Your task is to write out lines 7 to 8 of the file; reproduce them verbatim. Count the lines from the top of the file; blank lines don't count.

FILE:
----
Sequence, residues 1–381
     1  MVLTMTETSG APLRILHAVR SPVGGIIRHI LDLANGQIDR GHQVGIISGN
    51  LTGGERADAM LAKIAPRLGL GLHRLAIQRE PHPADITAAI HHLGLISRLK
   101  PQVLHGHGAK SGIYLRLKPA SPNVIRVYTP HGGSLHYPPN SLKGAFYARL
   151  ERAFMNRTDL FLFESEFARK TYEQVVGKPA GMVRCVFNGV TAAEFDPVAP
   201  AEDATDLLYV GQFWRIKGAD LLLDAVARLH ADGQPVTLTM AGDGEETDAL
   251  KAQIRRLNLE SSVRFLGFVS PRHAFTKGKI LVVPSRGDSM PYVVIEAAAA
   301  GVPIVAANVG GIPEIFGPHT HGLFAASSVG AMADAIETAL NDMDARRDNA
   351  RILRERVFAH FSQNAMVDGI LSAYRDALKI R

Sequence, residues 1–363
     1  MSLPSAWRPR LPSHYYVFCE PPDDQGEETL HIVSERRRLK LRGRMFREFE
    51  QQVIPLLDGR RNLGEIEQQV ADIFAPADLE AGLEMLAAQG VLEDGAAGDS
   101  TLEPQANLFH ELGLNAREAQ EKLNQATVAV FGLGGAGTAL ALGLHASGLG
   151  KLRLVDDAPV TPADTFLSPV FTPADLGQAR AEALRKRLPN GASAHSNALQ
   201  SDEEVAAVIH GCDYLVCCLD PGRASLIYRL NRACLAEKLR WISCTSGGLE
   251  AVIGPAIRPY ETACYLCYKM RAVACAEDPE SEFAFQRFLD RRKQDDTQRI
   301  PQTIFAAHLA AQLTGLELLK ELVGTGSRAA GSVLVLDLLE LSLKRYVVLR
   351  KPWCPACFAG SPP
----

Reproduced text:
   251  KAQIRRLNLE SSVRFLGFVS PRHAFTKGKI LVVPSRGDSM PYVVIEAAAA
   301  GVPIVAANVG GIPEIFGPHT HGLFAASSVG AMADAIETAL NDMDARRDNA